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Aickman’s Heirs

Aickman's HeirsAickman’s Heirs by Simon Strantzas
My rating: 4 of 5 stars

Robert Aickman’s stories were all about the irrational and the unknowable. The authors in this homage anthology put those same qualities to good use in fifteen intriguing tales of the unknowable’s intrusion upon seemingly normal lives.

The writing is uniformly beautiful, although this reader will admit to finding a few of the stories frustratingly oblique. Regardless, there were many standouts for me, including Brian Evenson’s “Seaside Town,” which makes great use of the dream or nighttime logic that Aickmann reveled in; Michael Cisco’s “Infestations,” a surreal meditation on identity, voyeurism, loss, and insanity; John Langan’s “Underground Economy,” which mixes exotic dancers and insect mating rituals; Malcolm Devlin’s “Two Brothers,” which I found to be one of the more straightforward horror tales in the anthology, and as a result one of the most effective; Nina Allan’s remarkable novelette “A Change of Scene,” which does a great job of keeping the reader off-balance; and my favorite of all of them, Nadia Bulkin’s “Seven Minutes in Heaven,” in which our narrator discovers she’s part of a terrible secret reflected in a children’s game she used to play.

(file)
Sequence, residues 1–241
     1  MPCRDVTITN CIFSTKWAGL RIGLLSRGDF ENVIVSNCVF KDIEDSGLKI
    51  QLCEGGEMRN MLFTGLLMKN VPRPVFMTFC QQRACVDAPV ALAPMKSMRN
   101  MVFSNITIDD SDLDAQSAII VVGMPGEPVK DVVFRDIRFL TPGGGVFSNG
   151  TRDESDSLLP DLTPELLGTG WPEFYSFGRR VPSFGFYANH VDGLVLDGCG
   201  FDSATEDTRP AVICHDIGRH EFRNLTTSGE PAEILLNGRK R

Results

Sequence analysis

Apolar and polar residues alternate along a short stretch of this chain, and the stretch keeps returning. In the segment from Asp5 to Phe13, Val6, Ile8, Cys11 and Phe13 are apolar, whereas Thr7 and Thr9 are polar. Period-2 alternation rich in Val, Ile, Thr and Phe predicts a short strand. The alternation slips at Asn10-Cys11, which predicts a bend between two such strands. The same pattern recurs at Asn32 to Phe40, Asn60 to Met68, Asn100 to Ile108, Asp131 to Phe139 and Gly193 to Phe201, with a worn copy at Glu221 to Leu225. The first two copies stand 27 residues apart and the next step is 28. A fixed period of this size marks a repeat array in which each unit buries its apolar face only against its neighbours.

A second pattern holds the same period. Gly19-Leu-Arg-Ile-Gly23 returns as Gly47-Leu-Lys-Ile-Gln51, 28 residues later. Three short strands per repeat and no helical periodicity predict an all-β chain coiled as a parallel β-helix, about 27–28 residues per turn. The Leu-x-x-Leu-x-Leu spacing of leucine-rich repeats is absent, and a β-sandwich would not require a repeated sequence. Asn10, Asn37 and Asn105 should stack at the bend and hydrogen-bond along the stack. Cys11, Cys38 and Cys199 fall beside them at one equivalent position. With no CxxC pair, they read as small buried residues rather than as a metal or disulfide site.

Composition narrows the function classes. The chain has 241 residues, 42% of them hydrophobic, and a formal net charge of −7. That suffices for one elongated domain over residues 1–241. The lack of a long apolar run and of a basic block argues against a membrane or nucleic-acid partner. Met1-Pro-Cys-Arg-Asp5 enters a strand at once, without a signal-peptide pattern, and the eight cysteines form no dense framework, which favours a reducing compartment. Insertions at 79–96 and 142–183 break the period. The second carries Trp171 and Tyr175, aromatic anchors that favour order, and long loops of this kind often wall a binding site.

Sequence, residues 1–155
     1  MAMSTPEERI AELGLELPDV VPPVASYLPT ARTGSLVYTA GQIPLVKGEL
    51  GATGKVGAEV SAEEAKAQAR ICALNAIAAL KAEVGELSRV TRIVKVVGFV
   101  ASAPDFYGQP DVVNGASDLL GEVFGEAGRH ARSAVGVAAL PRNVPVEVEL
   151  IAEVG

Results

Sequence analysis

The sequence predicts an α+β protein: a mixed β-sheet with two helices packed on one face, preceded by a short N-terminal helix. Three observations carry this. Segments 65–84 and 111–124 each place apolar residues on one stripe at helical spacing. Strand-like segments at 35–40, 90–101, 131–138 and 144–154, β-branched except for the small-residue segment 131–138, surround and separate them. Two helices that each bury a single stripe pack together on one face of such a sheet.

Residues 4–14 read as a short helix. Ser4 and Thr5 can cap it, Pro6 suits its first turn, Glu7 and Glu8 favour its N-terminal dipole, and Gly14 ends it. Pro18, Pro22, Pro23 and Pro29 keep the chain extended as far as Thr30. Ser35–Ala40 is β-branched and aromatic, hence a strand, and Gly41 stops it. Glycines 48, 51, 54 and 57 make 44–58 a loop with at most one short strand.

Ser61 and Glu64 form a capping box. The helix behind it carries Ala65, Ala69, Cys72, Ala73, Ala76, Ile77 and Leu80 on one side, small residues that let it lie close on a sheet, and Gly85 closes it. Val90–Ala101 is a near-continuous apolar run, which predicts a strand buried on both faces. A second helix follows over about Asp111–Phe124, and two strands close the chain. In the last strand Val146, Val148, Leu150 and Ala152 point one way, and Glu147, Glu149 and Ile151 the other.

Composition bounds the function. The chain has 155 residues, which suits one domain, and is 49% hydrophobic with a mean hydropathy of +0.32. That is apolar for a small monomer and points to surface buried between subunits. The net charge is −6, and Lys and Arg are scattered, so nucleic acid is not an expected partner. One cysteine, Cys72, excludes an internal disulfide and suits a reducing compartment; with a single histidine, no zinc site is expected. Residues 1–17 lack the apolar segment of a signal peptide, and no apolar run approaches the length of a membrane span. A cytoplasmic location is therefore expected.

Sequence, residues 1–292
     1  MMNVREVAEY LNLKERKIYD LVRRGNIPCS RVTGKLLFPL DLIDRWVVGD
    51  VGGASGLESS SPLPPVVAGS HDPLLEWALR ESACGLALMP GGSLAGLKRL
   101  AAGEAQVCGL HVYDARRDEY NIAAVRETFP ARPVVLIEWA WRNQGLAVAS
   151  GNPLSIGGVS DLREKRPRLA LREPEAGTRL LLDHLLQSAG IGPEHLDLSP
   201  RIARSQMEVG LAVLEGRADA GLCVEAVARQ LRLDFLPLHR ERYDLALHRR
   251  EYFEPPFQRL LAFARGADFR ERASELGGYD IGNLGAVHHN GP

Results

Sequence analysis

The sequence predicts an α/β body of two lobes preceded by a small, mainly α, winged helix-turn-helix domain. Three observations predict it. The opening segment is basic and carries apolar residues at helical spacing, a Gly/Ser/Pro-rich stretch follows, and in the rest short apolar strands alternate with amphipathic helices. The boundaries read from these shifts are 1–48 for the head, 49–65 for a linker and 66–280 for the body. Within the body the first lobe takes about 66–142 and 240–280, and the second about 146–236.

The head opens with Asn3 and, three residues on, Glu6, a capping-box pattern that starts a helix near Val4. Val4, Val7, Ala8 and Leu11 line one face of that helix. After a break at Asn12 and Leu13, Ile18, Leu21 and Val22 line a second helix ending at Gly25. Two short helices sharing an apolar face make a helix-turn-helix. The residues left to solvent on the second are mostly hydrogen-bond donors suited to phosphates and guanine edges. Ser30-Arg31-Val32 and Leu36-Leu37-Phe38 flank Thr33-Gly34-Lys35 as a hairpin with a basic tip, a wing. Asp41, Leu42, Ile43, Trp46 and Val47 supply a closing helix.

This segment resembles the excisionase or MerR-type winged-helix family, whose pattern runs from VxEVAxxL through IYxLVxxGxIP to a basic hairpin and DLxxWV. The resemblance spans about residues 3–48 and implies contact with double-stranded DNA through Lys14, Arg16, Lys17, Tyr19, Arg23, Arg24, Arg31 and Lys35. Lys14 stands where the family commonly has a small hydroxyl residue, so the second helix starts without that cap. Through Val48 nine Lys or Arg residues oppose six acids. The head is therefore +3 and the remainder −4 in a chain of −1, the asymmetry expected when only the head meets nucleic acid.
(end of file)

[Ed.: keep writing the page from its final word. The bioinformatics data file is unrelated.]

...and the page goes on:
Bulkin’s story is outstanding and well worthy of the Shirley Jackson Award nomination it received. As is AICKMAN’S HEIRS, which won the Shirley Jackson Award in the anthology category. Editor Simon Strantzas has created something special with this anthology, a rich compendium of extraordinary and strange tales that I hope will find the many readers it deserves.

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